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NewsletterSeptember 2004

Liberation of Paris

This story was recounted by Dominique Lapierre co-author along with Larry Collins of 'Is Paris Burning' on French TV August 25, 2004, the 60th anniversary of the liberation of Paris: On August 25, 1944 a German officer with a few hundred soldiers under his command was stationed in a building in Paris - next to a major boulevard. Looking out one of the building's windows he saw a French general in car coming up the boulevard. The German officer pulled out a rifle and took aim. He had the French general in his sights for a few seconds. He was thinking that the war would soon be over for him and killing a French general would be a good way to end the war.
Just as he was about to fire, people in mass came out to welcome the French general. Soon there was a celebration. The German officer then thought it wouldn't be such a good idea to kill this French general. If he did, the people on the street more than likely would turn on him and his men. Possibly burning down the building they were in. The German officer didn't want to die just yet; he did not fire.
The German officer was taken prisoner and sent to the United States. A few years after the war ended he saw a newspaper with a photo of the French general. The French general, saved by the celebrating masses was none other than Charles de Gaulle.


I spent most of August, as most French do, on vacation. During this time I had the chance to visit Normandy, including Mont St. Michel and some of the D-day Beaches.
Mont St. Michel really is amazing; it looks like something out of a movie. Almost like a castle rising out of the water. I believe it's much nicer to drive or walk around the area where Mont St. Michel is located and enjoy the view than to go inside. I say this, because Mont St. Michel has an astounding number of tourists in a very limited amount of space. The island that St. Michel is located on is very, very small and the streets are but a few feet wide. Once you make it to the top it's much nicer, with a wonderful view and much less people. Another word of warning, to get to the top of St. Michel you need to climb up a lot, I mean a lot of stairs. I didn't count but was told over 300!
Our visit to the D-day Beaches was very moving; it's hard to imagine how beaches so peaceful could be the scene of so much bloodshed. We visited Utah and Omaha beaches along with the Normandy American Cemetery and Memorial. Also Ste-Mére-Eglise, the first town in France liberated during D-day. John Steele, an American soldier, had his parachute catch on the church steeple. He hung from the steeple for over two hours. The church bells were continuously ringing a few feet from his head. In memory of this, a dummy US soldier hangs from the same church steeple.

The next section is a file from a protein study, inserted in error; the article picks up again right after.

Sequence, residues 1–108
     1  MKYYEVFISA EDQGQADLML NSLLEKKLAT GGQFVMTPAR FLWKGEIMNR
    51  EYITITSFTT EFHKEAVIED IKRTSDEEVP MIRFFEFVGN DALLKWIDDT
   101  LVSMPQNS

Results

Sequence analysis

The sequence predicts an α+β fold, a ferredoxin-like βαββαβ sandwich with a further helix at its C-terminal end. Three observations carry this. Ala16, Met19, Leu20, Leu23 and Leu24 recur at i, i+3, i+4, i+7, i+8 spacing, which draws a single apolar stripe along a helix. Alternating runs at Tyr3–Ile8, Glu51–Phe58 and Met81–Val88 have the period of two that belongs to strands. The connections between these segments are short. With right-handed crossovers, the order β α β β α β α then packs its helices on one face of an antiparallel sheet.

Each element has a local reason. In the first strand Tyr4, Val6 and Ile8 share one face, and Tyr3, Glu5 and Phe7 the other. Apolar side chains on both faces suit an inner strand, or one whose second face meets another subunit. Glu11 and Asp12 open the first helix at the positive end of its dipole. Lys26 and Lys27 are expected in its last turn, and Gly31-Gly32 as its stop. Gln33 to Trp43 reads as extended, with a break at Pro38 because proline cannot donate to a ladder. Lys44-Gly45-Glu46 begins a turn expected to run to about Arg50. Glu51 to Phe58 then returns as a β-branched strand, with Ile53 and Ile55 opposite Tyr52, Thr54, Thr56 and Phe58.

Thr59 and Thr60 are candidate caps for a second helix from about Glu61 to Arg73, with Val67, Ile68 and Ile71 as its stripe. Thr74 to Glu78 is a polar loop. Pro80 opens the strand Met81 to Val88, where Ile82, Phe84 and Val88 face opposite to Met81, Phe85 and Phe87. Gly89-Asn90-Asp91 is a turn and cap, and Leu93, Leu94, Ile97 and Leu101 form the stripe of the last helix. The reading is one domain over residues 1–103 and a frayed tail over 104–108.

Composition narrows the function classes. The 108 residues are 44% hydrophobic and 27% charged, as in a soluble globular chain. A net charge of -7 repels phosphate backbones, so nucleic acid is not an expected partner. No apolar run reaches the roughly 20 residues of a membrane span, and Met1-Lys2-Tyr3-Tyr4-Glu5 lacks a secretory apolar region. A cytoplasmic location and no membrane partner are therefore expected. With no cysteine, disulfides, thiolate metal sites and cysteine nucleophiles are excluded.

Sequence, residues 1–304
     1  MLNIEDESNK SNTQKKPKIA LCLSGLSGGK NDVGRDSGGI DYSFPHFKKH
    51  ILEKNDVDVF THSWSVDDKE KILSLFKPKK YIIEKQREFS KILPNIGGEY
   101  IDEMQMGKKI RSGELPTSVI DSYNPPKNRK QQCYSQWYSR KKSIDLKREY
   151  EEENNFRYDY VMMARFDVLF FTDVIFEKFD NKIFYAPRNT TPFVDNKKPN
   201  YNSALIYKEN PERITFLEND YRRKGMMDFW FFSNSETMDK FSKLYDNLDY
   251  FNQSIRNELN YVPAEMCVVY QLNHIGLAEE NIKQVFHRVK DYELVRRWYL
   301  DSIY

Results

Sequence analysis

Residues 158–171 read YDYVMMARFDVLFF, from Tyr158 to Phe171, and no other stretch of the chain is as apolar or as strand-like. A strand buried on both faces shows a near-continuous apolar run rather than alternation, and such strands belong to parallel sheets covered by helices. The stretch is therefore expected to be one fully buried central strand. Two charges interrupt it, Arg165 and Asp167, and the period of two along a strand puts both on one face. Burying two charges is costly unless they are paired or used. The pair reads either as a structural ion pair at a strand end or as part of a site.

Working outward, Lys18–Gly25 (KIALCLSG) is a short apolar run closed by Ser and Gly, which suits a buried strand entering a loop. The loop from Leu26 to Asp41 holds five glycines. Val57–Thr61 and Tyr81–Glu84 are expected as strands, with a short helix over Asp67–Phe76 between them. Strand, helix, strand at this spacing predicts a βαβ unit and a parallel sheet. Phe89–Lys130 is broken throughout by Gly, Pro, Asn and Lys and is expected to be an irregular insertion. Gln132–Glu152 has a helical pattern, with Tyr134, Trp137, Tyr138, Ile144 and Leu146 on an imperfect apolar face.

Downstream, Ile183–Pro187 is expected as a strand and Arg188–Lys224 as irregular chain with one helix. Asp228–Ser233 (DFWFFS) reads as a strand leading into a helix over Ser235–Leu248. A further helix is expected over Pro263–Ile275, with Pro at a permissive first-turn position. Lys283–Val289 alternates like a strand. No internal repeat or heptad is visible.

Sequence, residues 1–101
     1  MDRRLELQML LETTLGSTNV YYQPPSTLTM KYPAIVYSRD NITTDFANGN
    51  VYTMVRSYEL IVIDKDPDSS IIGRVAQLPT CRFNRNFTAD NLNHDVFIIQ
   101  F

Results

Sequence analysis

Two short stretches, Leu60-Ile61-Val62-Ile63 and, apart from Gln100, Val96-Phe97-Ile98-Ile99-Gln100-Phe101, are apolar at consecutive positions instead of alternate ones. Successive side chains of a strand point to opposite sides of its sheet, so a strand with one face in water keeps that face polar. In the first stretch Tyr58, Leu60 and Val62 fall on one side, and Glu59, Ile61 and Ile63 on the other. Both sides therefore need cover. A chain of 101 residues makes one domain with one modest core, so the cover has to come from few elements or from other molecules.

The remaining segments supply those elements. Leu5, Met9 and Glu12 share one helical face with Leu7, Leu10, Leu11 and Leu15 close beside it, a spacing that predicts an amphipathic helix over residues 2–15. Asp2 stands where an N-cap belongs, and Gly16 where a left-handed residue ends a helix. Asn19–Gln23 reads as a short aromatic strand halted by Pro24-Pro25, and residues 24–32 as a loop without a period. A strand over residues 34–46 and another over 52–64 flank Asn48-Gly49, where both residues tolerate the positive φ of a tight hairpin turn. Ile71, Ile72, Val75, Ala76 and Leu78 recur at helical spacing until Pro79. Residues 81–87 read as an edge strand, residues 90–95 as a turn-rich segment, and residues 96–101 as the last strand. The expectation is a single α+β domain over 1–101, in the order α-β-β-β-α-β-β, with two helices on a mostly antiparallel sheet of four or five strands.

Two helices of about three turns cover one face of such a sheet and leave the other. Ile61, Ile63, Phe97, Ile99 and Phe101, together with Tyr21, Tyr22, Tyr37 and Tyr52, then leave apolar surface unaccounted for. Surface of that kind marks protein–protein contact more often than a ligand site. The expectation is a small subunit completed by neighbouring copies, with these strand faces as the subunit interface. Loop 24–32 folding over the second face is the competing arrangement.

By far the most moving part of our visit was the Caen Memorial. In particular two movies being shown, The Battle of Normandy and Hope for the Future, both without words, only images and music. The Battle of Normandy showed film footage from both sides during D-day and how the battle played out. Hope for the Future, was a recap of major events during the last fifty years including the fall of the Berlin Wall, creation of the United Nations, Declaration of Human Rights, Cold War… The idea being that by exploring the past we can together build hope for the future.

Down on the (French) farm

The other day for the first time in my life I went mushroom picking. I've eaten wild mushrooms before that were picked at my in-laws farm and really liked them. They have a strong but not overbearing mix of tastes, nothing like a 'store bought' mushrooms. Wild mushrooms have much more 'body' than the ones you buy in the store.
Wild mushrooms are in 'season' in the fall, normally after a rainy few days and can grow very fast, sometimes over night. There are of course wild mushrooms that can kill you. The ones we were looking for were brown underneath. The lighter the brown the better the quality I was told. Mushrooms hunt photos.

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